Roughly thirty Devils Lake community leaders, local legislators, and state agency representatives gathered at the Lake Region Heritage Center, Wednesday afternoon to learn more about the governor's Main Street Initiative.
Roughly thirty Devils Lake community leaders, local legislators, and state agency representatives gathered at the Lake Region Heritage Center, Wednesday afternoon to learn more about the governor's Main Street Initiative. This is a program that the governor hopes will revitalize downtowns and at the same time lessen the financial burden on municipalities.
The Main Street Initiative is built on three pillars: building vibrant, healthy communities; using existing infrastructure; and creating opportunities for 21st century workforces in North Dakota communities. "This isn't some government, top-down program," said the governor. "This is towns deciding what to do themselves. If you decide you want to, wonderful, we're here. If a town decides not to, that's fine, too."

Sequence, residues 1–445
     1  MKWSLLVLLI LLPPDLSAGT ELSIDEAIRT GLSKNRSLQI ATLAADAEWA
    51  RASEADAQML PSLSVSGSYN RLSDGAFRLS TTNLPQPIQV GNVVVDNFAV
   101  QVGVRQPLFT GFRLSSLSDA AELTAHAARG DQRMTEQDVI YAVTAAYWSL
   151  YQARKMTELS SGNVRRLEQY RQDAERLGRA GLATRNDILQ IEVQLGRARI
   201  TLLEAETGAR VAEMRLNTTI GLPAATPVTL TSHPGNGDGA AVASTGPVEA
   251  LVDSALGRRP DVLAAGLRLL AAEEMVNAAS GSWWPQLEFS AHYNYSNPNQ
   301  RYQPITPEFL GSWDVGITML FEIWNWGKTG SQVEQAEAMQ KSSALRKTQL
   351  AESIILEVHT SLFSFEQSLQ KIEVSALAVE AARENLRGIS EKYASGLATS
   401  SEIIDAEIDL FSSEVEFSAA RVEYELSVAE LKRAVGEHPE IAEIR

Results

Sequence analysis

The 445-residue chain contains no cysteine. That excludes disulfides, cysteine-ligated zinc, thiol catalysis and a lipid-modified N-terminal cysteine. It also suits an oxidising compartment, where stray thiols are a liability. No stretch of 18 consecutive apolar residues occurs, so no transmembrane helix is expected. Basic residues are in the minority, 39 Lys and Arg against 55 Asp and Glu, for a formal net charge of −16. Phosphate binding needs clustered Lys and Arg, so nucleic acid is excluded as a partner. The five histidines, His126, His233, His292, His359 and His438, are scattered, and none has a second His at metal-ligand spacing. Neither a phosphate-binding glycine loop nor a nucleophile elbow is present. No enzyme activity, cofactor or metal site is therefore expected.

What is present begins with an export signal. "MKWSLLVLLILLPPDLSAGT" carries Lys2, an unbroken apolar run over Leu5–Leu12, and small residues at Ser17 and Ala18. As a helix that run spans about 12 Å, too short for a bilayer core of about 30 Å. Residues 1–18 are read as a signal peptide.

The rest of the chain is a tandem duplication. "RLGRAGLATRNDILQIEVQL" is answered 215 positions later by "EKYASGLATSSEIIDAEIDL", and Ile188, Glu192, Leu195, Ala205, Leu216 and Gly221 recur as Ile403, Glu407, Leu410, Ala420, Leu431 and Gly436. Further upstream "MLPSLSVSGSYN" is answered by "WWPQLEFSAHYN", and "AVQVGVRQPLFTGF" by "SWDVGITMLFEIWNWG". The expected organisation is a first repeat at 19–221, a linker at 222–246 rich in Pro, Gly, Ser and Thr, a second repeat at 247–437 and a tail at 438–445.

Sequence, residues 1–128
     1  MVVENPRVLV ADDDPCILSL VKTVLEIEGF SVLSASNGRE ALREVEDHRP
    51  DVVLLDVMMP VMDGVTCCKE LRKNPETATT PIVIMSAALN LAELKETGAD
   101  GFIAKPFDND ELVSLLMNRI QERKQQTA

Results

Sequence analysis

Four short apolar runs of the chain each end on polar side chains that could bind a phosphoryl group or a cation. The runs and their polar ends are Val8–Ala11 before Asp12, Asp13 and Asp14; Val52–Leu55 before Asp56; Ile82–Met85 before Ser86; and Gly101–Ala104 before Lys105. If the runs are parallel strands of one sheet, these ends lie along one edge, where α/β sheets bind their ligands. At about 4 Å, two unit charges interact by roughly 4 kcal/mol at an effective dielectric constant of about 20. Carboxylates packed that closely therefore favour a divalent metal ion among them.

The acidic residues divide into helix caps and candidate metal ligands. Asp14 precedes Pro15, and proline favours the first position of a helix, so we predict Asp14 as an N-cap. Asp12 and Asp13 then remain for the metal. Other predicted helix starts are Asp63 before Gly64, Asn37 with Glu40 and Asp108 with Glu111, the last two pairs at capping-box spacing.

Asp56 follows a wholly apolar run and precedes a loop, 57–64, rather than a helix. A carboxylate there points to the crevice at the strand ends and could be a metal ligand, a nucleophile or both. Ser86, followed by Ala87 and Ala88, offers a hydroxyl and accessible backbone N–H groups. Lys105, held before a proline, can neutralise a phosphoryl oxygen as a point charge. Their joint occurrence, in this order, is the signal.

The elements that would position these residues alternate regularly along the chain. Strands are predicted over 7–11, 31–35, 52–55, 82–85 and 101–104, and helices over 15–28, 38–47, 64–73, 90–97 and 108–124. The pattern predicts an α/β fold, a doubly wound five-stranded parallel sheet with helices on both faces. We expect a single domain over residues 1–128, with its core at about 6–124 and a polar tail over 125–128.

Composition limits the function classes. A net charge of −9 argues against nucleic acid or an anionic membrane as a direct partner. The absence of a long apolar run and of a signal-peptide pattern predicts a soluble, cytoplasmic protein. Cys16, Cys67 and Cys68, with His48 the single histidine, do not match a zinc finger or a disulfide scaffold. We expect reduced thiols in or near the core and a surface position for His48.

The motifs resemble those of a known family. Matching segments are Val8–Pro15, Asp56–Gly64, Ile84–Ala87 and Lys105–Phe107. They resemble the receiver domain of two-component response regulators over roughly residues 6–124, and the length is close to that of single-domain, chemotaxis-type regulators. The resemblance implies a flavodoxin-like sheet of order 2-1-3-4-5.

Towns need to discover and determine what differentiates them from other towns, especially when it comes to attracting jobs and workers, said the governor. "What differentiates Devils Lake," he said, "is that it has what retiring Baby Boomers and Millennials want and like, and that's a strong downtown and the walking and biking distance of everything."
Revitalizing with the Main Street Initiative promotes a higher density of population downtown. Rather than pushing for new development and the necessity of the needed infrastructure (roads, sewer, water) renovating or building new in a downtown saves on property taxes, because the infrastructure is in place, and brings new residents into the area which also lessens the tax burden on long-time residents, and thus the burden on municipalities. And these new residents, said the governor, can be the millennials looking for vibrancy, a 21st century job, and a community they love.
For more information go to mainstreetnd.com.